8-Year-Old Barber Helps Her Community By Giving Free Haircuts To Kids In Need

Neijae Graham-Henries is arguably the world’s youngest barber. The eight-year-old from Philadelphia has recently become a certified barber, giving free haircuts to kids in her community.

After going with her brother to visit the Junior Barber Academy, she became interested in haircuts, even though her brother passed on the school. “She wasn’t intimidated because she was the youngest student and she was not intimidated because she was the only female,” Neijae’s mother Jamie Graham says.

The second grader is being mentored by local barber P. Michael Boone, who has been in the business for 25 years. Boone decided to design the six-week program at the academy for young men. “I wanted to teach young men to be self-sufficient and cut their own hair when they went away to college,” he says. “My students learn the fundamentals of men’s haircuts — safety, cleanliness, clipper control, and hair strokes.”

Though the veteran barber never expected to see a young woman in his class, he was impressed by Neijae's eagerness to learn and offered her the same guidance as his older students, he said. The young girl, who never missed class, completed the program and began immediately working as a volunteer. Boone organized an event for kids in Philadelphia and roughly 400 youngsters showed up for free haircuts. Neijae came along to help out, even bringing her own clippers.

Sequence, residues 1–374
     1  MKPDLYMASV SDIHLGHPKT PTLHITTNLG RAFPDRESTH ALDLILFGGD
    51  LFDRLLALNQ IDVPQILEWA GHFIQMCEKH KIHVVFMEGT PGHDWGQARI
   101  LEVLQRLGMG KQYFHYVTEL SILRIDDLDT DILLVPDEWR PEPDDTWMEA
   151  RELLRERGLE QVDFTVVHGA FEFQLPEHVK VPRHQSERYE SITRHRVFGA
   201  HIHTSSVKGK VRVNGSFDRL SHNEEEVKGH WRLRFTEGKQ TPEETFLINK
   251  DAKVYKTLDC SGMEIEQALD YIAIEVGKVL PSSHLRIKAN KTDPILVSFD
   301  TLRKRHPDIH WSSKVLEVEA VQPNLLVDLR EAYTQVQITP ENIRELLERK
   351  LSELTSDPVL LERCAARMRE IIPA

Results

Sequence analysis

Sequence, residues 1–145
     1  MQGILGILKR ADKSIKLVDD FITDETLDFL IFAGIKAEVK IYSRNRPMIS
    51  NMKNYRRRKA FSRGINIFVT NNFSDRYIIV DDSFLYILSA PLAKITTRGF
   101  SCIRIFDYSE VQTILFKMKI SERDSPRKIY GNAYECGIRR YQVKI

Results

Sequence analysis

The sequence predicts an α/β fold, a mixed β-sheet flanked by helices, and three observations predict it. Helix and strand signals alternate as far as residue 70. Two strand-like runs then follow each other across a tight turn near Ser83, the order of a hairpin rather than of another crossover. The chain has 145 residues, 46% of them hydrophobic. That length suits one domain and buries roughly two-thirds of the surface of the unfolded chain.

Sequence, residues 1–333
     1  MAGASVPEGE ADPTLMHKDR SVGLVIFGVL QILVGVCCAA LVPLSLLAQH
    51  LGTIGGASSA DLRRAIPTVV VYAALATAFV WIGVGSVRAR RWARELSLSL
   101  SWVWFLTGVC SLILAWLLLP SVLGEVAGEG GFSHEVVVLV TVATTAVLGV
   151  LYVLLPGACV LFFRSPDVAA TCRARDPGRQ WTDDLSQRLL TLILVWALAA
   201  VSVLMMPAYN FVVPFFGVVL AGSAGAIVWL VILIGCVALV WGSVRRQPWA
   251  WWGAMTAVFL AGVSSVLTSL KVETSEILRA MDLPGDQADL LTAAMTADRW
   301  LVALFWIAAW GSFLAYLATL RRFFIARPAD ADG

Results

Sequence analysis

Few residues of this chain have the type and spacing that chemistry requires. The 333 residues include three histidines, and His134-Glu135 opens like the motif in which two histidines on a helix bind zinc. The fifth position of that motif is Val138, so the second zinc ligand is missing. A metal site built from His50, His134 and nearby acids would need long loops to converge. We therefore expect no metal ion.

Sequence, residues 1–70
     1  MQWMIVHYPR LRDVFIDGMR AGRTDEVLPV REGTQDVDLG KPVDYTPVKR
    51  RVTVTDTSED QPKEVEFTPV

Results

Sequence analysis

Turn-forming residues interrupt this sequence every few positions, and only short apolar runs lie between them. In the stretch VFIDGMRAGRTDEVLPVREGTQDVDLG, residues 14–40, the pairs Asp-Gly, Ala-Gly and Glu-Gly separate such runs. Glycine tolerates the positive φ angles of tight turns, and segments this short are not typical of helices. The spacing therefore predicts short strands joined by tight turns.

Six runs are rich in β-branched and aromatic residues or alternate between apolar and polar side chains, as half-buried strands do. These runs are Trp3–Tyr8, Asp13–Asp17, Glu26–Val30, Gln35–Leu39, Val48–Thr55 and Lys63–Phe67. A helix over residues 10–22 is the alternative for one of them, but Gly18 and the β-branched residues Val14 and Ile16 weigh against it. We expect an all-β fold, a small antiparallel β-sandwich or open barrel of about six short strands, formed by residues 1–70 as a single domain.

“I teach my students to give back and do community service, whether it’s haircuts for young kids their age or older folks,” Boone says.

When Boone was growing up, there often wasn’t enough money for the family to get haircuts. After being repeatedly bullied for not having a fresh cut, he decided to trim his own hair with his friend’s dad’s clippers. He was soon making his own money from cutting hair, which surprised his mother, who at first thought he might be involved in something illegal.

To prove her wrong, she insisted that he cut his hair while she watched. Impressed with his skills, she bought him a pair of clippers for Christmas. After he turned 18, he paid his way through a private barber school. Unfortunately, he failed the theoretical part of the exam, despite passing the practical part. Discouraged and disappointed, he cut hair for 14 years without a license. However, after he started his own family, he was motivated to go back.

“The power was going back to school, learning all the things that a barber can do,” the father of three says. “And when I learned that a barber can do facials and can do more things than just cut hair, I started adding those things to my shop."

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Inspired by Neijae’s dedication, Boone will offer another training program this fall. “I am very proud of her. She was a great student, and I am excited to see where this will take her,” he says. He has already asked the young barber to join him at an event for the homeless that he will sponsor in November.

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